Swapping tuatara for teachers is a challenge he’s relishing. But after 17 years in the profession himself new Education Minister Chris Carter is under no illusions of the size of the job ahead.
Are you enjoying the new job?
I am! I come to it with a bit of a background in teaching and an on-going involvement. I was a teacher for 17 years and my partner’s a principal of a large primary in West Auckland.
Is it a job you wanted?
I was expecting to get it … I was pleased to get it. It’s a bigger job than I thought it would be but it’s one that I’m finding more and more interesting. I’m enjoying the challenge.
What would you say are your biggest challenges?
At the moment, it’s settling pay claims! Otherwise, it’s to start to look at the importance of infrastructure to schools and effective learning. Although, the first job I did on my second day was to launch the new curriculum – nothing could be more fundamental to teaching than that.
How do you think the new curriculum will impact on teachers’ useof ICT?
I think it absolutely lends itself to the use of ICT because it allows a lot of flexibility in using classroom resources. It’s not a syllabus but rather a framework for guiding teachers and is really well-targeted to new technology being used to deliver education.
How important it is that teachers make effective use of new technology?
Very important. One of the things I’ve already been discussing with officials is that new technology is expensive, so if we’re going to be equipping our schools with extensive ICT infrastructure it has to be being used effectively. It’s not just about the technology but it’s about upskilling as wide a range of teachers as possible to be able to use ICT effectively.
What are you going to do to ensure that teachers are getting the skills, resources and training they need?
There are already resource teachers of technology in schools. We’re trying to promote the idea that school clusters will have specialists that will be able to be mentors and trainers.
Anything specific planned?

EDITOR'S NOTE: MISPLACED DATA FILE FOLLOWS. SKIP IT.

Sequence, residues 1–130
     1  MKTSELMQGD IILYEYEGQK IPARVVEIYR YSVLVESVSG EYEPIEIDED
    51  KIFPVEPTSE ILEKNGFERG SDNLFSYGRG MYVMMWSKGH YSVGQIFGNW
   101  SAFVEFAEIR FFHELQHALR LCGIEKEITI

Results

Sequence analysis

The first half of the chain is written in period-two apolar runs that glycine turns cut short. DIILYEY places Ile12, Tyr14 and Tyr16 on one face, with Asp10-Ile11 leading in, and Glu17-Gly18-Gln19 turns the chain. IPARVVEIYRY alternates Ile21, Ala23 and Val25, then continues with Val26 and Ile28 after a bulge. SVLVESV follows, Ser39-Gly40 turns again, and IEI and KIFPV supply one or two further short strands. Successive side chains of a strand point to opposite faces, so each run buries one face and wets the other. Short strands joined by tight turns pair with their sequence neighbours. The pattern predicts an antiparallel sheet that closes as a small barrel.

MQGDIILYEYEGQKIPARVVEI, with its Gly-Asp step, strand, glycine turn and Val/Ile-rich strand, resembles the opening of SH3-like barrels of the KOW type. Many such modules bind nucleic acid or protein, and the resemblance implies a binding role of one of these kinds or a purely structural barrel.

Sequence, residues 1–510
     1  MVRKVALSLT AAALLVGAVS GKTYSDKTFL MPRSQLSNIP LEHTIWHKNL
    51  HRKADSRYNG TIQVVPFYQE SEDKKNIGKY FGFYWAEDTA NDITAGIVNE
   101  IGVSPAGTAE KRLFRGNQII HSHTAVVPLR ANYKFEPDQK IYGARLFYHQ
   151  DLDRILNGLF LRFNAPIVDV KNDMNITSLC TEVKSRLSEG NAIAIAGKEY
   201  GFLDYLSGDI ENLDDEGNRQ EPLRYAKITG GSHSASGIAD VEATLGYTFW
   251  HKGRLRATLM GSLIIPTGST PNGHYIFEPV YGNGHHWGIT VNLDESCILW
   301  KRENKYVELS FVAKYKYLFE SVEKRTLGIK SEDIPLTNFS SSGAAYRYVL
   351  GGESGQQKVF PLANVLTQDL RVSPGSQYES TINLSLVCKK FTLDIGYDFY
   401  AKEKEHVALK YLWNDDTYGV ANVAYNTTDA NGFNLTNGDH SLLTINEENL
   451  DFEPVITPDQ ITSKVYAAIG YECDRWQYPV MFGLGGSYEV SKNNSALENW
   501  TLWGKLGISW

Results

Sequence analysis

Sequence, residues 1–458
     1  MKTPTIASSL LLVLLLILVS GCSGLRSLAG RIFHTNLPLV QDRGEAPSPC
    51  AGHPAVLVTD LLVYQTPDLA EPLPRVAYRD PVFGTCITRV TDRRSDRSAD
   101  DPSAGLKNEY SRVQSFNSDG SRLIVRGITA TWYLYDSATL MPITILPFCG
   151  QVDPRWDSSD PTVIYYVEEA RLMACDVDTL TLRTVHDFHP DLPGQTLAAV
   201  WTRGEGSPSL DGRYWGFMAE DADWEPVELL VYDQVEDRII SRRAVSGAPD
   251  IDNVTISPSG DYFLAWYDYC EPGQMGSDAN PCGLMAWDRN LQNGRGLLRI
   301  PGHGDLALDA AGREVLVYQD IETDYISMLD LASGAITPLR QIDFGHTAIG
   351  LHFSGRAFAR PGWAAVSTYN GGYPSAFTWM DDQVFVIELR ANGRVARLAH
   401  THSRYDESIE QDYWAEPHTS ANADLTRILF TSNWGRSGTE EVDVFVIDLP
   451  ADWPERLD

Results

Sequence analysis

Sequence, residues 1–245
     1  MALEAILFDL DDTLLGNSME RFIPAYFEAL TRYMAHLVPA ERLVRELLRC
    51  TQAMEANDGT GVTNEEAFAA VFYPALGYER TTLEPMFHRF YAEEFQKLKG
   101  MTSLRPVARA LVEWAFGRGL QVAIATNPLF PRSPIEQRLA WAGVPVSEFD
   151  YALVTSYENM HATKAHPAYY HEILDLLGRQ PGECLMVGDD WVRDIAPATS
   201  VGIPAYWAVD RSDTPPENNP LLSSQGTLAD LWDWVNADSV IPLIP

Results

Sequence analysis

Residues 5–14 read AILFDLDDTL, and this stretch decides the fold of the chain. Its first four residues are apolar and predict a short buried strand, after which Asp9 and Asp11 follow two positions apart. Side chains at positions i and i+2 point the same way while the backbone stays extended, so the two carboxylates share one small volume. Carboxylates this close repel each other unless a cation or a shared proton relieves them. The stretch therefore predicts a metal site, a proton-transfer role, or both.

No. I’ve asked officials to investigate how we can best use new opportunities – looking in particular at what the Australians and Brits are doing. It’s interesting what you pick up. I heard the other day about a teacher at Meadowbank Primary School who had set up a videoconference between his class and schools in the United States and Britain. We’ve got to capture these sorts of local initiatives so that we can publicise and show to others the opportunities that can be created.
Do you think that’s one of the most important things, showing people what’s being done?
I think just getting that information out is really important. People have got to have technology and know how to use it – but they’ve also got to be able to see what sorts of lessons can be done and what others are doing successfully already.
You mentioned Australia, what do you make of the new Government’s Digital Education Revolution Policy? I’m really interested and have asked for a report from the Ministry. I’m also really excited to see that Mr Rudd’s determined to get all Australian schools on broadband and to really focus on a digital revolution in their schools. That’s the only way they’re going to get on top of 21st century technology and upskill their kids. We’ve got to do the same – we must follow.
Anecdotal evidence suggests schools here spend a lot of money maintaining old computers and networks. Is this something you’re keen to look at?
Yes. It’s one of the key issues that’s emerged from recent research by the Ministry. So, we’re looking at ways that we can actively encourage and support schools to move to a situation where they have much higher quality networks – it’s on our list of things to do!
Where does ICT sit on your list of priorities?
High. I have 27 schools in my electorate and try to visit them all once a year. Two things that I get constant feedback about are special education and ICT. More and more, schools see these areas as incredibly expensive and are concerned that they aren’t delivering as well as they could be.
On a more personal level, do you like to give things a go in the technology space?
When I arrived at Parliament I didn’t even know how to use a computer … although that was 14 years ago! I’m more literate and more aware now but more by self discovery than proper teaching. I suppose it’s my generation.
What do you see for ICT’s future in the classroom?
Fundamentally, the most important resource in the classroom we have is the teacher – but after that it has to be technology. I think that the classroom of tomorrow will be a very ICT-based and we want that to be as effective as possible.
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